Figure 1: Bar chart showing the frequency of the causes of deaths

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Figure 2: Bar chart showing causes death distribution with age

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Table 1: Microscopic lesions seen in the kidney

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Table 2: The age distribution of a co-morbidity (systemic hypertension)

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Figure 3: Section showing severe coronary atherosclerosis (H and E, ×100)

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Figure 4: Section of a kidney showing nodular glomerulosclerosis, arteriosclerosis and global sclerosis (H and E, ×100)

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Table 3: The distribution of cancers in diabetic mellitus patients

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  Discussion Top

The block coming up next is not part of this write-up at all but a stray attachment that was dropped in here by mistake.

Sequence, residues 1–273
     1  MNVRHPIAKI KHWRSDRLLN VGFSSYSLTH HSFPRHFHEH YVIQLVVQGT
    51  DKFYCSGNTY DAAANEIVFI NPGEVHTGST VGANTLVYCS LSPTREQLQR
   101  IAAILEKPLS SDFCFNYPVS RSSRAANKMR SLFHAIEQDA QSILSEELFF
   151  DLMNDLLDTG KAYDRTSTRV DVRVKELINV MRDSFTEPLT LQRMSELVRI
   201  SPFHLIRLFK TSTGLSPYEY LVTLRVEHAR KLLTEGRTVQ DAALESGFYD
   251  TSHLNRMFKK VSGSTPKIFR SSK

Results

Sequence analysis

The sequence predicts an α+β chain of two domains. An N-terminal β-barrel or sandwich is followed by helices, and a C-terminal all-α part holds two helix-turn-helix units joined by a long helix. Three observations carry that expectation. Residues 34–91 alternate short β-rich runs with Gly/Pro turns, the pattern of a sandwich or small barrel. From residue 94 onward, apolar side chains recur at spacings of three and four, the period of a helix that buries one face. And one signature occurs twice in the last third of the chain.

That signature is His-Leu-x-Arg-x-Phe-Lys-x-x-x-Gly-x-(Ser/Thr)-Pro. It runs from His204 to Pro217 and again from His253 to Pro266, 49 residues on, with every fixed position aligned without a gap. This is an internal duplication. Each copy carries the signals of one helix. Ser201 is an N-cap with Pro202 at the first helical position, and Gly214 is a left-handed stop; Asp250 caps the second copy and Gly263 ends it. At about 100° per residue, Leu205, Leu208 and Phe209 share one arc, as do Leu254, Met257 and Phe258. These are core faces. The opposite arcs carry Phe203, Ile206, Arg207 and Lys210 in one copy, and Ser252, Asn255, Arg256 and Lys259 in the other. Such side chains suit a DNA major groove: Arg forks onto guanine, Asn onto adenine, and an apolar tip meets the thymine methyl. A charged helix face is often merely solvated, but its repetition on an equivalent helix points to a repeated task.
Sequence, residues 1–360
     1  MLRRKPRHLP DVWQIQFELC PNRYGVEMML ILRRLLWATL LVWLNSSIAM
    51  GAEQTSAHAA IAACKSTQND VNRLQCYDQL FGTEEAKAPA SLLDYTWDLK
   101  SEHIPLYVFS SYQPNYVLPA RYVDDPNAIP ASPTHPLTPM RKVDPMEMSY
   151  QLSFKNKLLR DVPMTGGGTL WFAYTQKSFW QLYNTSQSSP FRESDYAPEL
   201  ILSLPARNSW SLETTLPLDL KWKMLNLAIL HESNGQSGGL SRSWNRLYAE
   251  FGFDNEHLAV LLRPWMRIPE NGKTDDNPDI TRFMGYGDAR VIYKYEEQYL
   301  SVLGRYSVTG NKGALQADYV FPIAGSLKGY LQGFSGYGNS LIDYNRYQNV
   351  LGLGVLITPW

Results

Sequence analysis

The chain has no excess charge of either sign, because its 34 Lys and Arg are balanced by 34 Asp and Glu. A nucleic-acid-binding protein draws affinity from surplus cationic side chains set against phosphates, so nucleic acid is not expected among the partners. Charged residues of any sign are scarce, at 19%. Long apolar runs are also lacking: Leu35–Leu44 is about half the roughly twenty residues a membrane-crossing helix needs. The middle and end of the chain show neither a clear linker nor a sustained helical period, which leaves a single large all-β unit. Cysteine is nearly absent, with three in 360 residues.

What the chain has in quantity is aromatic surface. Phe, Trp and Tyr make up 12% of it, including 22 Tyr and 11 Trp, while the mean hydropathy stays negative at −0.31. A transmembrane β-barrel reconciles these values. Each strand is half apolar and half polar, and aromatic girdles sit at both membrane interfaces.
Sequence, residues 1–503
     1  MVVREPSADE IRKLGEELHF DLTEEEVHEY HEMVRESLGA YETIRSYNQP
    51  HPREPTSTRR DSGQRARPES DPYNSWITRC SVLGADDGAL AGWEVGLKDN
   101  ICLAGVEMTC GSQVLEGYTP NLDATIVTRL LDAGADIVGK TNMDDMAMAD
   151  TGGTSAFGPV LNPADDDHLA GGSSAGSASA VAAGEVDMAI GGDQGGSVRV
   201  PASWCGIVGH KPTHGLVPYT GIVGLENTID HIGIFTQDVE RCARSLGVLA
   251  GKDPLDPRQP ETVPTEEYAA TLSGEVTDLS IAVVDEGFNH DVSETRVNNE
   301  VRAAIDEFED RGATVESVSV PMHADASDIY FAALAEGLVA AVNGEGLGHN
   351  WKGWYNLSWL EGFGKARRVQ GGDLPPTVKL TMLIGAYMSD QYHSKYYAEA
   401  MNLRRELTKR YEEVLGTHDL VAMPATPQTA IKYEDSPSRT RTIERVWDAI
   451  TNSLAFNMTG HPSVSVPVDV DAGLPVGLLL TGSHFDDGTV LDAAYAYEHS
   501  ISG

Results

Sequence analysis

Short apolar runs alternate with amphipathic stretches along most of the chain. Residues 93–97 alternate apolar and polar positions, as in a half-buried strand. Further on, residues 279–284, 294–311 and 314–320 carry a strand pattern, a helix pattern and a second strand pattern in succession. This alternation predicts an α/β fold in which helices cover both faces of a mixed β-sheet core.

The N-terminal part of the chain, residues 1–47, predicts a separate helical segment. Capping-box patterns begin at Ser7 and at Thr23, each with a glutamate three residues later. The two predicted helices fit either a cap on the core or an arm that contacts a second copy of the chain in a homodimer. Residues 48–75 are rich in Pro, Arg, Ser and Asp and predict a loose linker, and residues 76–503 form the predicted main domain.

Due to decline in requests for post-mortem examinations, not all patients who died from DM had autopsy. However, the cases we studied give an idea of the mortality patterns of patients dying from DM. The most common cause of death is from infectious diseases, with sepsis from multi-organ failure being the major finding in infectious cases. Pneumonia, pericarditis and meningitis were other infections resulting in demise. Our finding is similar to the findings by Gibson and Char[9] in West Indies, a developing country like ours. These differ from most studies from developed countries that showed that cardiovascular diseases are the major cause of death in patient with diabetes.[10],[11],[13] Cardiovascular diseases are the second most common cause of death in our own study, and this observed difference might be accounted for by the relative poorer hygienic conditions in our environment. Previous non-autopsy studies from Nigeria show that the most prevalent causes of deaths in diabetics are diabetic emergencies, stroke and diabetic foot syndrome.[1],[7],[8] Deaths from infection or outright sepsis did not rank high in these studies that are based largely on death certificates. We think that much attention is not paid to the underlying factors that would have potentiated the acute diabetic emergency seen during presentation. Infections can be responsible for deterioration in glycaemic control with consequent acute presentation and fatality.[14],[15] In the autopsy study by Lam, in Hong Kong, infection is the second most common cause after cardiovascular causes, with tuberculosis being the most common infection.[16] In our study, there was only one case of tuberculosis. There is the possibility that cases of known tuberculosis were not sent for post-mortem examination by the managing physicians. DM predisposes patients to immunosuppression with increased risk of having severe infections due to impaired immunity.[17],[18] These infections lead to sepsis with multi-organ failure and consequent death.[16]